History Headlines Roundup for 09-09-09

Here’s this week’s sprinkling of history headlines from around Maine…..

800-year-old apple ‘healthiest to eat’

telegraph.co.uk Researchers claim that the Pendragon apple, which has been grown in England since the 12th century, contains higher levels of plant chemicals linked to health benefits – including reducing inflammation and lowering blood sugar – than other varieties….

Dutch Royals Visit New York 400 Years After Henry Hudson’s Historic Voyage

AP Dutch Prince Willem-Alexander and his wife, Princess Maxima, got a rousing welcome from West Point cadets as they visited the U.S. Military Academy for the 400th anniversary of Henry Hudson’s voyage….

Labor Day reverence is lost, say historians

SignOnSanDiego.com (Union Tribune) We don’t labor, not most of us anyway. It’s a day off, and an odd one. It’s the only national holiday where the thing we are celebrating is the thing we’re getting paid not to do: work….

Professor to share Bath family legacy

At age 13, Nathan Cogan, delivered an 87th anniversary recitation of Abraham Lincoln’s Gettysburg Address at the Civil War memorial on Center Street in Bath. On Sunday, Cogan, now 72 and a Portland, Ore., resident, returns to Bath to deliver another celebratory dialogue. Fourscore and seven years ago, his forefathers gathered to sign a charter dedicating the Congregation Beth Israel synagogue….

Search hopes to find 510-year-old Newfoundland church

National Post (Canada) Newfoundland and Labrador’s top archeologist has revealed plans to search for the remains of a 510-year-old church on the western shore of Conception Bay — a project aimed at adding to a string of recent discoveries about explorer John Cabot’s history-making voyages to Canada in the late 15th century….

Lincoln’s last signature?: Signed envelope, believed to be real, found at flea market

The Morning Journal “Let this man enter with this note. April 14, 1865. A. Lincoln.” The short sentence is written on a small envelope, tattered and discolored with age. But it has been a ticket to a big adventure for Bruce Steiner, who stumbled upon the lost fragment of history at the bottom of a box of assorted papers he purchased at Jamie’s Flea Market in October 2006….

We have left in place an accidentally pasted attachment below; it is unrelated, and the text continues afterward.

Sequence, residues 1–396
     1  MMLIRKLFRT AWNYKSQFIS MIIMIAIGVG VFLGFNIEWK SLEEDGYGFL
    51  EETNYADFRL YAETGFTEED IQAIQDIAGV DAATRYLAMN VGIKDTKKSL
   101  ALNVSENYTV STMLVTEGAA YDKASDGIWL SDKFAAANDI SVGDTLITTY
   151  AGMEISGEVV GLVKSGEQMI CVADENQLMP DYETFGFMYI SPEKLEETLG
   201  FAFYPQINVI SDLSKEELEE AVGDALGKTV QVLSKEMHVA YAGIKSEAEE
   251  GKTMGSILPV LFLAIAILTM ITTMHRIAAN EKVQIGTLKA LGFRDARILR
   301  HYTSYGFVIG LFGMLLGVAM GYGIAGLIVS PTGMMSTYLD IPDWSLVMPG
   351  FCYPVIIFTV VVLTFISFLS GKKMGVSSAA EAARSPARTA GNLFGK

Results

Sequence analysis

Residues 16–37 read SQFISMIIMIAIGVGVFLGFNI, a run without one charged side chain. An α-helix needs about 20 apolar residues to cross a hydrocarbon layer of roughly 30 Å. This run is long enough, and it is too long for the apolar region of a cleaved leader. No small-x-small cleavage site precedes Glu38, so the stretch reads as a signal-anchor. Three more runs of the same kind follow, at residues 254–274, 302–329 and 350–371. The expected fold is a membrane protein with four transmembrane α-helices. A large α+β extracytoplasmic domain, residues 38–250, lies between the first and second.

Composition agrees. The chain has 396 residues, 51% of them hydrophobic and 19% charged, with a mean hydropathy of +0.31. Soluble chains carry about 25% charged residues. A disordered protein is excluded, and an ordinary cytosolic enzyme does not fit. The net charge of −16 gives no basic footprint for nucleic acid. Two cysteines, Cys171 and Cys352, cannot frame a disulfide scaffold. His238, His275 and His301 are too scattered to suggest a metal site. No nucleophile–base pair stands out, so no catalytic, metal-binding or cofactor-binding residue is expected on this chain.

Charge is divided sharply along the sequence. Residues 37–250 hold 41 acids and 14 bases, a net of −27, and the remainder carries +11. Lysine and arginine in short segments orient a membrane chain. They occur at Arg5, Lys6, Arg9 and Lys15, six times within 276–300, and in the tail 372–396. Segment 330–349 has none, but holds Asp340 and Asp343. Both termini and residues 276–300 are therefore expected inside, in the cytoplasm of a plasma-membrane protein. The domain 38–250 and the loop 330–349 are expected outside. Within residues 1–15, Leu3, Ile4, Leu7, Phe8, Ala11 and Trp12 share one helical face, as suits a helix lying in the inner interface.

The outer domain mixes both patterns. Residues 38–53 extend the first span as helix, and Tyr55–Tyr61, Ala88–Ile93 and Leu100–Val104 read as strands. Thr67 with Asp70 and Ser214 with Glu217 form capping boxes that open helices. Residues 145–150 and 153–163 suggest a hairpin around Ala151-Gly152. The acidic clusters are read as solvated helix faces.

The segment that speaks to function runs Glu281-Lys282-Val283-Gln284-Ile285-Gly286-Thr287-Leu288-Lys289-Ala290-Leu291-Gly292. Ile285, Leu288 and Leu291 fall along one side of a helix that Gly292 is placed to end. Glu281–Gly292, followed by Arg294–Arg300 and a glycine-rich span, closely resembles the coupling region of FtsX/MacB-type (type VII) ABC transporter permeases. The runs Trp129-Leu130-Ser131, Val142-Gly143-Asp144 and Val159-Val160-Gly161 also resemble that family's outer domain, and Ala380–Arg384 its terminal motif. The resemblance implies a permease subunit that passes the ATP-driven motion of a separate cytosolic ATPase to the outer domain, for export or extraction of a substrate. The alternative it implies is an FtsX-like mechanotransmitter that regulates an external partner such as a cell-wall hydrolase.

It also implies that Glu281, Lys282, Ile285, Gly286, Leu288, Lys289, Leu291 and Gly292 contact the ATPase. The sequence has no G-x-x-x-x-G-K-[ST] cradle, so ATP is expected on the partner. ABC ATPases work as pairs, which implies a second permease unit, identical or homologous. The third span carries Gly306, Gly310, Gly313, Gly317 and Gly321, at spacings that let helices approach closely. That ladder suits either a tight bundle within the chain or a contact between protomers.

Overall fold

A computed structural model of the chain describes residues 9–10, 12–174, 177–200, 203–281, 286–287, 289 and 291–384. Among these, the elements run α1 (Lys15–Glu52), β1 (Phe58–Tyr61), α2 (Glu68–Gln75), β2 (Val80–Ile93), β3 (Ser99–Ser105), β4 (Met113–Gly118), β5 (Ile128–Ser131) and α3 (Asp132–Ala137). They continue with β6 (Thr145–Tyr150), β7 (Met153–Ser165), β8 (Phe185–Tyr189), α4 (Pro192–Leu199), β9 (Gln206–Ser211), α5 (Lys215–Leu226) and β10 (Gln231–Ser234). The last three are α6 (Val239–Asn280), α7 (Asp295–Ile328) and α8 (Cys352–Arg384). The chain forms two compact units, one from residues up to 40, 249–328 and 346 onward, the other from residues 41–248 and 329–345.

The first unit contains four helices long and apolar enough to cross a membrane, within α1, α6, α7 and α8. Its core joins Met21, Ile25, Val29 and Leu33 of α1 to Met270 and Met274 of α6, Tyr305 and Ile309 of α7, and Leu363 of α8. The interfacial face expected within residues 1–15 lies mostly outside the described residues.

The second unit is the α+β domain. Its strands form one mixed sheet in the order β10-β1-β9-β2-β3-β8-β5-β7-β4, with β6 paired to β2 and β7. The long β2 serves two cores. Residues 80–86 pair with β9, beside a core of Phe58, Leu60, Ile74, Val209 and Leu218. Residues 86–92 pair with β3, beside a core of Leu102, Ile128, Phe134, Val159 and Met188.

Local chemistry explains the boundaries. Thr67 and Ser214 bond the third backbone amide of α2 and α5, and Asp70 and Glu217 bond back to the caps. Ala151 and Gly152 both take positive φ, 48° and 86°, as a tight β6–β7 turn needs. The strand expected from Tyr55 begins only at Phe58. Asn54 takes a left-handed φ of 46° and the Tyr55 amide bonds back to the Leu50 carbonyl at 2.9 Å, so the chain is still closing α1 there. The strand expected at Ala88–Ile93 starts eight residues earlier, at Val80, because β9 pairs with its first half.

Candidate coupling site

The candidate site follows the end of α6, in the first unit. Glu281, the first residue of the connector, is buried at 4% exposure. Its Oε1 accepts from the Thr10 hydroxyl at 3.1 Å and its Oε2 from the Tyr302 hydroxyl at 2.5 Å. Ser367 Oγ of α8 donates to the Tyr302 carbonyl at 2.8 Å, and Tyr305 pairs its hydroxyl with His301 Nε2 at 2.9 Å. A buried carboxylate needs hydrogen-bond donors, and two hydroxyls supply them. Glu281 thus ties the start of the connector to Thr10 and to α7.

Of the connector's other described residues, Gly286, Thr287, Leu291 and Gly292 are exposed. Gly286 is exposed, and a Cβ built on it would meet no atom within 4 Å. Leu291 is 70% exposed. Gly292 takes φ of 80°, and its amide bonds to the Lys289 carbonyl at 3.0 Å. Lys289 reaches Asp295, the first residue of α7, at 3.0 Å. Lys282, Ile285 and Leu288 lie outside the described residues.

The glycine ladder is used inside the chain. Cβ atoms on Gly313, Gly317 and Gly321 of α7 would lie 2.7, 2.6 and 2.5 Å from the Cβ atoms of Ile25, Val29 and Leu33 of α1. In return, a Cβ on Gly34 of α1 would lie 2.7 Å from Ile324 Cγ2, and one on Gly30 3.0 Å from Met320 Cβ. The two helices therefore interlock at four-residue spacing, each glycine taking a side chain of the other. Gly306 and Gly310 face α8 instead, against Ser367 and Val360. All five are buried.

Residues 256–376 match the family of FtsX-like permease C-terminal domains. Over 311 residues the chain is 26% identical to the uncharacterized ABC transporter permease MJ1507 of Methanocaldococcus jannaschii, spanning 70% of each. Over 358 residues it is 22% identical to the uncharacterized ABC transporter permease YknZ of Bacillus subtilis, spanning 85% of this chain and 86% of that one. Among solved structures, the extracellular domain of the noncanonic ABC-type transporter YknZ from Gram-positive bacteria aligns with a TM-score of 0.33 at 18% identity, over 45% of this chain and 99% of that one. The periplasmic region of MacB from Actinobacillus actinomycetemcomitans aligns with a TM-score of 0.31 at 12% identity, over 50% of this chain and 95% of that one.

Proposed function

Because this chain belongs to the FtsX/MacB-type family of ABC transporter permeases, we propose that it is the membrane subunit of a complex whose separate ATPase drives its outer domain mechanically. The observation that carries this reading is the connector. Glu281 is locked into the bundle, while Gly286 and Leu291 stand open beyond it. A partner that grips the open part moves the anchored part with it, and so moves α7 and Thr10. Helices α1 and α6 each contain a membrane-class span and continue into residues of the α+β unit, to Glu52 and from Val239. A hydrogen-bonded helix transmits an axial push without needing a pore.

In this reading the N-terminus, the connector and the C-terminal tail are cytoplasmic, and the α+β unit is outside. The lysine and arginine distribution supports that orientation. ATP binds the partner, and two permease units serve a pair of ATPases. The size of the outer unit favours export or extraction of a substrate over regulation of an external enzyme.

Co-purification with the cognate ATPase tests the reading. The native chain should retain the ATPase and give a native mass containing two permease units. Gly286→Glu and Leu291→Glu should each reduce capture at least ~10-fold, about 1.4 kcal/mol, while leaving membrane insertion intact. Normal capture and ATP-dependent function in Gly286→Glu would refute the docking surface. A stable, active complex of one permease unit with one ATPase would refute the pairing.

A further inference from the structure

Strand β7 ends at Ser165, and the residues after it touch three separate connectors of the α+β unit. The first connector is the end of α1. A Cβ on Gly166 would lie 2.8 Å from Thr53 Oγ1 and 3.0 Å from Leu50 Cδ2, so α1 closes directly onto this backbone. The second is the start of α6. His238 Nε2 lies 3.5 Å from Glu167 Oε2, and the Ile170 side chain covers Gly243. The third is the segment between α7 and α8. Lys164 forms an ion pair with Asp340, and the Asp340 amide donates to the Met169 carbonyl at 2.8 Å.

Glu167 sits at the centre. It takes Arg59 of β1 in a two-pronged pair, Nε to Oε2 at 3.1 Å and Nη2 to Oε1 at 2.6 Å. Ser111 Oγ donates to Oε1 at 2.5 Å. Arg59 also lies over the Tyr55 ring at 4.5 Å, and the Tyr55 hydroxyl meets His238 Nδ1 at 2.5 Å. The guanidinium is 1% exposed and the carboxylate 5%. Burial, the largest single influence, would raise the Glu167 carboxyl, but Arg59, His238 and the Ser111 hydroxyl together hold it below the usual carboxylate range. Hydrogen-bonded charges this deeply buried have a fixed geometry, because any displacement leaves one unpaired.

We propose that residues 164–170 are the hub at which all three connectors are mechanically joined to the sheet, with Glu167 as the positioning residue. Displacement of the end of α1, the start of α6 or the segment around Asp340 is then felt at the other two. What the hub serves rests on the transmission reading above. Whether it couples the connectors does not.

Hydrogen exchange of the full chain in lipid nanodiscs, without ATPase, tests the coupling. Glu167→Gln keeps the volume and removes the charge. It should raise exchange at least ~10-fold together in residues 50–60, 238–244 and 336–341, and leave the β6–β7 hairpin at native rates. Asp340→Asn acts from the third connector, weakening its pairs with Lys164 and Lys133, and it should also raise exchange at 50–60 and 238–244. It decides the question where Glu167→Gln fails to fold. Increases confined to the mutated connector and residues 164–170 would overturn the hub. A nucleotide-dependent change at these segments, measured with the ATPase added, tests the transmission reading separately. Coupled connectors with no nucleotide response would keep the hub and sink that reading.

Civil War Battlefield Funding Taking Shape

DNRonline.com HARRISONBURG – Funding to preserve 178 acres of the Civil War battlefield at Port Republic is nearly in hand, according to a letter from the national Civil War Preservation Trust. In a letter received last week, the trust said it is joining forces with the Shenandoah Valley Battlefields Foundation headquartered at New Market to buy the development rights on the land….

Standish man’s efforts preserve the land he loves
DON PERKINS

In the 1940s, Gene Stuart spent part of his youth plying Sebago Basin in an old wooden rowboat. Now in his late 70s, Gene Stuart is proud to live along the Sebago Lake Basin in Standish where his family first settled more than 200 years ago. Thanks to dedication and foresight secured a decade ago, 53 acres of these woods and fields are forever protected with an easement through the Presumpscot Regional Land Trust. Normally closed to the public, folks will have a special opportunity to walk the property on Saturday when the land trust holds its annual business meeting, picnic lunch and outdoor family walk here from 10:30 a.m. to 2:30 p.m….

Saco Museum exhibit to focus on factory girls’ contributions
JULIANA L’HEUREUX

Maine’s empty old factory buildings were once bustling with thousands of young girls who worked up to 12 hours a day doing hazardous industrial jobs. An upcoming permanent exhibit at the Saco Museum will bring attention to the area’s young and hard-working factory girls of the 1830s through the 1850s. Opening this Oct. 30, “A Factory Girl Boardinghouse Bedchamber” will reveal how the factory girls lived. The purpose of the exhibit is to focus on Saco’s industrial history, particularly on the lives of the girls, many of them French-Canadian, who provided labor for the mills during the mid-19th century’s industrial expansion…..

Trolley museum restores historic locomotive

York Weekly – The ceremony also commemorates the opening of a new gallery exhibit “History in Motion: Public Transportation Connecting Maine Communities” and the launch

VIENNA Historical Society rehabs home

Kennebec Journal – Preserving local history presents many challenges, but a Maine State Museum grant program has helped launch renovations efforts at

Books to Showcase Maine’s Family Farm History

WABI -Berry’s creating books to highlight Maine’s farming history, but he’s researching that history in an unusual way. He’s using old aerial photographs taken

Keeping history alive in Windsor

Kennebec Journal -Up to 70 people will dress in period costumes during the Windsor Fair this week and put on demonstrations giving a detailed picture of rural life in Maine.

Advertisements
Categories: Uncategorized | Tags: , , , , , , | Leave a comment

Post navigation

Leave a Reply

Fill in your details below or click an icon to log in:

WordPress.com Logo

You are commenting using your WordPress.com account. Log Out / Change )

Twitter picture

You are commenting using your Twitter account. Log Out / Change )

Facebook photo

You are commenting using your Facebook account. Log Out / Change )

Google+ photo

You are commenting using your Google+ account. Log Out / Change )

Connecting to %s

Blog at WordPress.com.

%d bloggers like this: